I could graduate from the Culinary Institute of America. Throw down with Flay and Ray this month at the South Beach Wine & Food Festival. Cook state dinners at The White House, the Élysée Palace, the first colony on the Moon.
I’d still hear about the Feast Day Posole I made for my family.
“Dad is cooking again,’’ the kid says.
“Hope it’s not Feast Day Posole,’’ the other kid says.
“Yeah,” the first kid says. “The last time almost killed us.’’
Such an exaggeration, I think. Nobody actually died.
It was, I admit, not my finest moment in the kitchen. It was late. I wanted to put something together fast. I grabbed the first box out of the cupboard – which just happened to be Feast Day Posole, a souvenir from a lovely trip to New Mexico several years back.
It sounded good – a festive, hominy stew for a mid-week after-work night. Easy to make. Non-toxic.
I opened the box, poured the dry contents into a pot of boiling water, waited 10 minutes, served.
I remember the looks around the table. The pursed lips. The rush to the kitchen. The clattering sounds of dishware into the sink.
“Dad!” they said. “What did you just make for us!?”
“Feast Day Posole,” I said. “Remember that lovely trip we made to New Mexico a few years ago…?”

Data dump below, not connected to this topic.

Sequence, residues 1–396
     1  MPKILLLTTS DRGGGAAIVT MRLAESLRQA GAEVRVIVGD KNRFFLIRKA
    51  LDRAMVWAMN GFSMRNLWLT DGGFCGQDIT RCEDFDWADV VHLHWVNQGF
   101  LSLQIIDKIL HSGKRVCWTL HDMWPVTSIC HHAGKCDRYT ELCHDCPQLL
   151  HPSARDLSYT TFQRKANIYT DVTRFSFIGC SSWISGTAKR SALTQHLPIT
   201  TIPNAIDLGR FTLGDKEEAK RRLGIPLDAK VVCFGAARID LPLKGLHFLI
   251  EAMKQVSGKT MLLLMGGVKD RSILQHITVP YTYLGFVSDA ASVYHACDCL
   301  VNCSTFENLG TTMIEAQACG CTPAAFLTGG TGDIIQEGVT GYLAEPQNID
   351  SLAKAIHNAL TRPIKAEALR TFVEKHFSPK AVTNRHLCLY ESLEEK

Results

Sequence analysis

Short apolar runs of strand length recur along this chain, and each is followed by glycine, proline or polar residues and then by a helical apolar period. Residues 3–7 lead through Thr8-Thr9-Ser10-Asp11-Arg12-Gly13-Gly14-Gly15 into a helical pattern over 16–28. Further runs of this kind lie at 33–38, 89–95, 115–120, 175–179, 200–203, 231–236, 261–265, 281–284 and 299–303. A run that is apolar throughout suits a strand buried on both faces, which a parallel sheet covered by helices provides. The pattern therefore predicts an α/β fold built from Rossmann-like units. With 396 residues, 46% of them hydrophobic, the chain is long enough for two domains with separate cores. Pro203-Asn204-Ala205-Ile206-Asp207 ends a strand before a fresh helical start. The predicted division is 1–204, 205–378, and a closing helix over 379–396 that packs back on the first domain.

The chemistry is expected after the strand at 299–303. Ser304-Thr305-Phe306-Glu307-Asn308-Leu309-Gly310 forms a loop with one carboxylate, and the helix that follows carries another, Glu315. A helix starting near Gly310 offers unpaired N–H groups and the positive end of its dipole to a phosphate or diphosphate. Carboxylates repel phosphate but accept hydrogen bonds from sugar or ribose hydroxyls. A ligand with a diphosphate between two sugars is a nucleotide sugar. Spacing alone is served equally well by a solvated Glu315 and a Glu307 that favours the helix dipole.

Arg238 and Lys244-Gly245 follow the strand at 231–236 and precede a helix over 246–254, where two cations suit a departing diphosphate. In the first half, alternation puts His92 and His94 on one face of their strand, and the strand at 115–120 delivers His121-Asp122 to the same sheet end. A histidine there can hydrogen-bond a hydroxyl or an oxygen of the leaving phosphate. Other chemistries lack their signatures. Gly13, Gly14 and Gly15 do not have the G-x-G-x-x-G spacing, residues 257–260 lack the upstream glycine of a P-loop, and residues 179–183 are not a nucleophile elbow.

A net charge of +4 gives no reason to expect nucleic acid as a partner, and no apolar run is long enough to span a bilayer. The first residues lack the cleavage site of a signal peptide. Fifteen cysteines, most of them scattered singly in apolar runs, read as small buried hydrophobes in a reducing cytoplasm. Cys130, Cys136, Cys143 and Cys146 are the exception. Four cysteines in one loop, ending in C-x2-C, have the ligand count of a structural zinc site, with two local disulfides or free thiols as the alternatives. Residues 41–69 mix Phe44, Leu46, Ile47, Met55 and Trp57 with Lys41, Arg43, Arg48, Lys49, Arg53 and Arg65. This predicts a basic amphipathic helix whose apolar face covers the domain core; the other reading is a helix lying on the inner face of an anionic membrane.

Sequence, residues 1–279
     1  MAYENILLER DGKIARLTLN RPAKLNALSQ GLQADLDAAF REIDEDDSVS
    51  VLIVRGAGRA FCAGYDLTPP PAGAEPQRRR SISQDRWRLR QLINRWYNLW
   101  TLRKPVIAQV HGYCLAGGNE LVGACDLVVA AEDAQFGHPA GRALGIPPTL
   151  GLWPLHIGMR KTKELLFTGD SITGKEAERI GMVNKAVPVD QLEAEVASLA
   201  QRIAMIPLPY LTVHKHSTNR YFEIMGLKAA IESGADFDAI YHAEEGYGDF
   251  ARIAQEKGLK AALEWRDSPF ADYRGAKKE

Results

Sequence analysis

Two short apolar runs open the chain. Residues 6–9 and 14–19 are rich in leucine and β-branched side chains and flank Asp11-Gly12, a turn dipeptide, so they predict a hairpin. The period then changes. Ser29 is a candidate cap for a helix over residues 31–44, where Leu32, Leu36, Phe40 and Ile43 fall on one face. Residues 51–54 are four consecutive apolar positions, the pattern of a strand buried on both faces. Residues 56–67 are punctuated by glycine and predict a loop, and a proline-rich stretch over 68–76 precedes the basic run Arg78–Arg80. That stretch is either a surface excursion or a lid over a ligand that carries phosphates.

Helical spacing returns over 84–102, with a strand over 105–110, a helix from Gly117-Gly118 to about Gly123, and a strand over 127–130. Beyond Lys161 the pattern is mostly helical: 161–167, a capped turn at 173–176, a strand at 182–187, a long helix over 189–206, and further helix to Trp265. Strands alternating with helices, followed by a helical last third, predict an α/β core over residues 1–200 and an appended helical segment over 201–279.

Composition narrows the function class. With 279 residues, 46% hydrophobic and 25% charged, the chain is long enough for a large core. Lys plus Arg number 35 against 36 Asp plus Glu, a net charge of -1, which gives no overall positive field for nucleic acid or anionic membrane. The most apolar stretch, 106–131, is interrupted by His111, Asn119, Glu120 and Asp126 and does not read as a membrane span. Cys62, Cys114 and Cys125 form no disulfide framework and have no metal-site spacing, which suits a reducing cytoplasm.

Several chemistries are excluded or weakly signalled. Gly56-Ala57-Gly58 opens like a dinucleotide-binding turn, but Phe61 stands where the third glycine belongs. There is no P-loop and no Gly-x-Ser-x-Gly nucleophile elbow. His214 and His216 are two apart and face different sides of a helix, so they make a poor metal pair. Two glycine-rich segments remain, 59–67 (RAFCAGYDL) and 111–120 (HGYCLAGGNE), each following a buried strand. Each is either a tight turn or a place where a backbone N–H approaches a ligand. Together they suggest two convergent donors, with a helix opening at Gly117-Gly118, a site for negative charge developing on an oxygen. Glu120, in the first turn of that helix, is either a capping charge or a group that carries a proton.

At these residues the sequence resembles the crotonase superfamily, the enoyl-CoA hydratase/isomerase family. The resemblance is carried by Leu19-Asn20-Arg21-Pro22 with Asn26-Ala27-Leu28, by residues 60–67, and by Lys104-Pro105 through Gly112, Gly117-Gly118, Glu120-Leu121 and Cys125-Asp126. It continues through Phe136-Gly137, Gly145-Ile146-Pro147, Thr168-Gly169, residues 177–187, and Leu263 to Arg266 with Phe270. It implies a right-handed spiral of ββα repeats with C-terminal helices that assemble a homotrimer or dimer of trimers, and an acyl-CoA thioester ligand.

“Dad!’’ the kid said, “that was five years ago! The food in the box has expired!’’
“I didn’t look,” I said, “I didn’t know…’’
“It was so bad,’’ the other kid said.
“It tasted like boiled socks,’’ the kid said.
“But I haven’t cooked Feast Day Posole in 10 years,” I say now. “Can’t a cook prepare a meal without being reminded of a single misfire? I mean, there’s a statute of limitations on most major crimes.”
“Not on Feast Day Posole,” the kid says.
“I’m not making Feast Day Posole tonight!’’ I say. But, I could tell I’d already lost them.
“Can’t Mom cook tonight?” the kid says.
“She won’t be home till late,” I say.
“Can’t we order takeout?” the kid says.
“Yeah,” the other kid says.
I wonder if Flay and Ray and all the other Tastemakers out in the culinary world have had their own Feast Day Posole moments. Some dish they wish they’d never served. Could they have been that lucky, making dishes that always satisfied the family, the friends, the discerning restaurant patron?
You’ll meet some of South Florida’s Tastemakers in this issue – people who set trends not just in cooking and fine dining, but in fashion, home design & décor, travel, the arts.
Surely, like all of us, they have had misfires of their own. Or are they really that skilled? Are they really that lucky?
I put in the call for takeout. And wonder how they dodge the Feast Day Posole days of their own.